Graci topped his four-interception performance in the Golden Eagles’ marginal loss to Montclair State with a reckless five picks in his team’s dismantlement by Rowan University the following week. During a dreadful 60 minutes of collegiate football, much more resembling a charity event than an NCAA exhibition, three of those were returned for touchdowns (100, 67, 45 yards).

Forcibly writhing his way to the top of the NJAC standings in the least palatable of statistical categories (10 INTs most in NJAC), Graci’s frivolousness with the football resonated well with the Lions’ secondary.

“Hopefully I’ll can take one to the house,” cornerback Scott Mathurin said prior to Wednesday’s practice, hoping to provide company for his season’s lone interception. “That’s what I’m looking at—to the house, baby. Madd picks.”

But if it hopes to perpetuate its recent trend of opportunism, the Lions defense first needs to adequately pressure the quarterback—something Brockport hasn’t allowed.

While Lions have only wrangled opposing passers four times, Graci’s been taken to the turf only three, for a loss of a benign seven yards. TCNJ added a few curveballs to its repertoire during the, which linebacker Joe Spahn hopes can yield instant gratification on game day.

“We put a couple things in—a couple blitzes, a couple fronts for Brockport, specifically,” the team’s leading tackler with 8.75 stops per game said, later alluding to its likelihood of inducing poor decisions. “We’re gonna put the pressure on him and hopefully he makes some mistakes.”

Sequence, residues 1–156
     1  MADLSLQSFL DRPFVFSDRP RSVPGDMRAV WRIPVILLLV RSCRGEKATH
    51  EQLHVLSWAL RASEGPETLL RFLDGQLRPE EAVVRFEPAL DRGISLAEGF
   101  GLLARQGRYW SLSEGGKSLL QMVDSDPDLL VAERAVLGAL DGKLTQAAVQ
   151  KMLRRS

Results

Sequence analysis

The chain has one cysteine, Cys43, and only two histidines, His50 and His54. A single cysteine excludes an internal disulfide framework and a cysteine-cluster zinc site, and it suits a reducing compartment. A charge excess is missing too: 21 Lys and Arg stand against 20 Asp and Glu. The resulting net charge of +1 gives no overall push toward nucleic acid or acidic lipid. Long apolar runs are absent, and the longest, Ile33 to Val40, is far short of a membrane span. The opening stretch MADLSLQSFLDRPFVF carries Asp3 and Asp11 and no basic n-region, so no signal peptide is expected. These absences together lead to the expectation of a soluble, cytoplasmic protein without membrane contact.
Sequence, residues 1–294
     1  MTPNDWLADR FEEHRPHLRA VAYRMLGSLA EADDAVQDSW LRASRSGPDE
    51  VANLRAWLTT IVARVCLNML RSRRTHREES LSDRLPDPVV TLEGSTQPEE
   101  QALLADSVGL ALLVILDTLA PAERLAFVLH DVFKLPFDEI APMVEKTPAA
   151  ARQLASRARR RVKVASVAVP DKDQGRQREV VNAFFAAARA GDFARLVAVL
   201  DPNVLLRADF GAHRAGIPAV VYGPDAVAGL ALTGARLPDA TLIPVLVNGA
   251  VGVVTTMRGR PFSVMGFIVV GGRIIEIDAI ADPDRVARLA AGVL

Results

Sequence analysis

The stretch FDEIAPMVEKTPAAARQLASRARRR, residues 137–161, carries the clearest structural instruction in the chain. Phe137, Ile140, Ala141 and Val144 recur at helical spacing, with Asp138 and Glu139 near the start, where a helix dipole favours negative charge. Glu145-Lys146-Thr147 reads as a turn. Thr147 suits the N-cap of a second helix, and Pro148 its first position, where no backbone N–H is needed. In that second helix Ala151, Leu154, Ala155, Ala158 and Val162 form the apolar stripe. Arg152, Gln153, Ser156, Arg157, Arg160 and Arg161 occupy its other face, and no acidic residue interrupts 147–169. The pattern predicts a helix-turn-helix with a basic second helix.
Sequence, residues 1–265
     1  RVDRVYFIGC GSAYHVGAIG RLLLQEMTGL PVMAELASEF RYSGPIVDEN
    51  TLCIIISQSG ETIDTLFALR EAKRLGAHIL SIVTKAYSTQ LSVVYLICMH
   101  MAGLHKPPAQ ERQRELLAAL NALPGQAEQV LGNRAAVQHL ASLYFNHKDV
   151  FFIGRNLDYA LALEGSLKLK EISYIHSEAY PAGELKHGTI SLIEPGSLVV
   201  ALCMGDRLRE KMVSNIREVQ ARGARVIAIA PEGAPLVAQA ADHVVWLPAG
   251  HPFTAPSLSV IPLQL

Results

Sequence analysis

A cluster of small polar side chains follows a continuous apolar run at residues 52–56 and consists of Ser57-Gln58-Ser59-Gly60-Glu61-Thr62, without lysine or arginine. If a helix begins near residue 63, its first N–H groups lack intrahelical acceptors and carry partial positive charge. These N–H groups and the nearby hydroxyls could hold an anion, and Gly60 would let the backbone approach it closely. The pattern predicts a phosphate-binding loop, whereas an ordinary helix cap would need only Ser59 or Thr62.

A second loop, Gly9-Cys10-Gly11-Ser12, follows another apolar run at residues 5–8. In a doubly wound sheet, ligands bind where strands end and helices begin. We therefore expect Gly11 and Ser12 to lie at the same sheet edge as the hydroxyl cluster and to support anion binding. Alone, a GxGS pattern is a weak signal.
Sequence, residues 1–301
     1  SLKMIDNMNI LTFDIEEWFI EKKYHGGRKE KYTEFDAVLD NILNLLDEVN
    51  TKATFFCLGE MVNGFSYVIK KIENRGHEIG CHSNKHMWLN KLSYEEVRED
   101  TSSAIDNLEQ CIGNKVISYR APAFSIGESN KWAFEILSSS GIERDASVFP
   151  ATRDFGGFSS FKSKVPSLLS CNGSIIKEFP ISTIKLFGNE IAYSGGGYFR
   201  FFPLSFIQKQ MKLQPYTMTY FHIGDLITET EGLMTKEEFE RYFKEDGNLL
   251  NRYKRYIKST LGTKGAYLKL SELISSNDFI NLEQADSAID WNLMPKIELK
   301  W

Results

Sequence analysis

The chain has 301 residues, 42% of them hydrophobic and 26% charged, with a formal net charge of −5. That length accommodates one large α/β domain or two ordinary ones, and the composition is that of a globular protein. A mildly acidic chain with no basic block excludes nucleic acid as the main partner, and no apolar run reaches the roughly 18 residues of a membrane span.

Defensive end Craig Meyer explained that the defensive line should be able to help.

“We’re gonna use our speed,” he said. “We’re gonna be doing a lot of slanting and stunting so we’re not going to have to go one-on-one with their big guys, and hopefully open up some gaps for the LBs to get some pressure.”

In spite of its enabling of the Golden Eagles’ points total to eclipse most highway speed limits. Hamilton detracted his vision away from face value of its reprehensible 2008 outing, duly noting that–unlike in 2009–the defense actually suffered on account of the offense’s miscues.

“We had a 12-point swing right at the end of the half last year,” he said, providing a scrupulous statistical rebuttal of the raw box score figures. “Giving up points on special teams and on offense as well, added to [the final totals].”

In the defense’s, er, defense, it was actually more.

On a rare blocked PAT attempt during kicker Marc Zucconi’s All-NJAC body of work a year ago, junior defensive back Neil Fay sought retribution for its shortcomings on the previous drive. Capitalized on his special teams’ good fortune, Fay pranced an uninhibited 98 yards for a Golden Eagles’ score, leeching off of the Lions’ hard earned points on the opening quarter’s final play.

Hamilton elected to pooch the ensuing kickoff, which junior defensive back Cevon Carver returned for a 77-yard touchdown–not quite according to plan. Hamilton believes that this time around, one of several keys to victory, and its defense’s to assume a long-anticipated identity as a capable entity, the best defense might be a good offense.

“In the first quarter we’ve had the ball on offense, moved the ball and put points on the board,” he said. “That’s what we gotta get back to. We gotta get back to taking the initiative, and hopefully taking the wind out of their sails, jumping on people early.”

Hamilton argued that, like the Brockport game from a year ago, its offense’s struggles likely skewed the measuring rods of last weekend’s outing at Kean.

“For three out of our four games we’ve been able to do that. Friday night moved the ball, even though we were playing against a much better team than we’ve faced all year. We had our opportunities in the second quarter and we just didn’t capitalize on them.”

Excuses, outside perspective and insight aside–for the Lions to reclaim control of its conference destiny, it’s going to take far more than adequate execution of its game plan. It’s going to take relent and valor, a defiant disregard of fatigue and whatever adversity crosses its path.

Come Saturday, it’s gut-check time, baby.